The growing influence of algorithms in how people discover and access information is both an opportunity and a challenge. Virtually all online/digital/social content is customized to each person based on past behavior (search, purchases, clicks, etc.). This means that there is significantly more competition for people’s time and attention while presenting an opportunity for communicators to be more targeted in their approach. There’s, even more, impetus now to create integrated campaigns with synergies between paid, earned, owned and shared media.

Inspiration for the business idea, and your vision for the Business?

I set out to own my own business because, frankly, I didn’t want to be tethered to someone else’s vision or way of doing things because “that’s how they’ve always been done.” I found success over the last 28 years because I have sought new, unique ways to tell compelling stories and build brands. Fineman PR celebrates diversity in everything we do. We prioritize independent, strategic thinking and have a talented team of professionals who will continue lending their voices to our agency long after I’m gone. We are an ever-evolving strategic solutions firm.

What's next for the Business in the near future?

With passage Nov. 8 of Prop 64, the Adult Use of Marijuana Act in California, Fineman PR is ramping up its legal cannabis practice. Revenues from the legal cannabis market could balloon to $6.5 billion by 2020 – in California alone. We provide a full suite of integrated marketing services for clients looking to gain an edge in this rapidly growing market. 

In the short term, we plan to continue growing our multicultural division as we get stronger in sectors such as health care, consumer product offerings, technology, education and community-based non-profit organizations. These are all sectors in which we foresee growth. Additionally, we are seeing demand from Latin American-based businesses as they enter the U.S. market.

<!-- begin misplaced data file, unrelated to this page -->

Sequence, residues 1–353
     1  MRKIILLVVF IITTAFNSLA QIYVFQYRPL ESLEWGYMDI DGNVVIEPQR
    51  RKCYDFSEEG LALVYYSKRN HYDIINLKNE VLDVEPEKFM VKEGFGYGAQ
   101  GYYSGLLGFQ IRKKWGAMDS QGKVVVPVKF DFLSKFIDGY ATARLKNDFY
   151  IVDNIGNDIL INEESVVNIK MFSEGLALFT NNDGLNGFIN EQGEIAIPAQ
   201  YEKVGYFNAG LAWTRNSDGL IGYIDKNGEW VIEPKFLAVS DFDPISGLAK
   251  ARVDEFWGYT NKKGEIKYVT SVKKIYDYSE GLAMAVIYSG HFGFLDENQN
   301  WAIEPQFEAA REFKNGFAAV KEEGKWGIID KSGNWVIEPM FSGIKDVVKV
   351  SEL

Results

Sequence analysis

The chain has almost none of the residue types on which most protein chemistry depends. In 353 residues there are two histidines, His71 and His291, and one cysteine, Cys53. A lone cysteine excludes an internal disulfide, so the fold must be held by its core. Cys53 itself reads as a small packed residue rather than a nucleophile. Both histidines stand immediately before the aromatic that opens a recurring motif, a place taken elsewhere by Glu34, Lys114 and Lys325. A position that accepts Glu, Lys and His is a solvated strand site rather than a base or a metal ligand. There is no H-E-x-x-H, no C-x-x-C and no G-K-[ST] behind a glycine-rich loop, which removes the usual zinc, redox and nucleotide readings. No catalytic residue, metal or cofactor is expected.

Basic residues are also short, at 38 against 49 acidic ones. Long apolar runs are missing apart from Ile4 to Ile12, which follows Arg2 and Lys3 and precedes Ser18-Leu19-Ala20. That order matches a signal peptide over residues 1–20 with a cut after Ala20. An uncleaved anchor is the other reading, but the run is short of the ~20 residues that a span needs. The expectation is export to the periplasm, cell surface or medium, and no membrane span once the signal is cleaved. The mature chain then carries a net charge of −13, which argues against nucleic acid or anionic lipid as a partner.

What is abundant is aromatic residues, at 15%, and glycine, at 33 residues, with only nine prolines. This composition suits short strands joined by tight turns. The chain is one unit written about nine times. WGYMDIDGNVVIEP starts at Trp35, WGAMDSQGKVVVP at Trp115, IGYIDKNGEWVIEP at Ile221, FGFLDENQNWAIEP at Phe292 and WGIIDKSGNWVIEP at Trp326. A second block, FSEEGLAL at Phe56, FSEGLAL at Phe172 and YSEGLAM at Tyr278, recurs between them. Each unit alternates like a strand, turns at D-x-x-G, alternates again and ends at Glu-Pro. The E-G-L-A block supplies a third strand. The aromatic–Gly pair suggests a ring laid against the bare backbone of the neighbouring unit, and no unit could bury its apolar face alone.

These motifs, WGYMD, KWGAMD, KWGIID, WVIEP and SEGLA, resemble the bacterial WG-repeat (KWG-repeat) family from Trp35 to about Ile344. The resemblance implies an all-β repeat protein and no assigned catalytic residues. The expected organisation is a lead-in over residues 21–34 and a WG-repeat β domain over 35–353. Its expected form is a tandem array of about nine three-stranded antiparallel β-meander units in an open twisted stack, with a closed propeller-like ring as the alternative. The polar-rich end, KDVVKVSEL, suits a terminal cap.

Your key initiatives for the success of the Business?

•    Strategic partnerships with digital marketing firms

•    Developing multicultural communications services

•    Building niche industry strengths, even for generalist firms

•    Risk management partnerships with legal and insurance for crisis firms

•    Ever-increasing sophistication in research and analytics

•    Adaptability to industry and client trends while affirming the core tenets of brand PR and crisis communications

Your most difficult moment at the Business? (and what did you learn?

My most difficult moment in business occurred during the dot-com implosion, which drastically affected our business from 2000 to 2005. This period would be a test for anyone who considers themselves entrepreneurs. It took every bit of my family’s and team’s support, my powers and courage as a business owner and professional communicator to dig far enough down into my stores of creativity, self-belief and dogged determination to come through it. Failure was not an option. In the end, our agency became stronger, more focused and battle-tested.

Ideal experience for a customer/client?

Most of my most memorable client experiences have come because of our crisis communications practice, and there have been many. Whether it was a client dodging a bullet because of the point of view we articulated, or because of the preparation and positioning we counseled, or because of our advocacy for balanced and fair reporting, our clients were especially eager to acknowledge the expertise we brought to the table. The relief demonstrated in their demeanor afterward was palpable and genuine. In matters of community crisis, natural disasters or tragic circumstances, being acknowledged as a key partner is rewarding.

How do you motivate others?

I treat my staff with respect, encouragement and praise, and I do not micromanage. I take pride in having built a collaborative team of diverse talents who support each other and our clients. I promote from within and have always prioritized their professional learning and development.

Career advice to those in your industry?

•    You must be a voracious reader of the news and contemporary culture.

•    You must continually work to be a good writer and storyteller; no typos, no grammatical blunders, easy transitions, and no overkill.

•    You must keep up with the latest tools and trends of our business.

•    You must find something that differentiates you from everyone else on staff so that you can be a go-to on that issue.

•    You must go beyond tactics and think of situations creatively and strategically. Be solutions-focused and avoid naysaying.

•    You must be a team player; you cannot create continuing difficulties that define you as difficult to work with. Show your appreciation for the help you receive.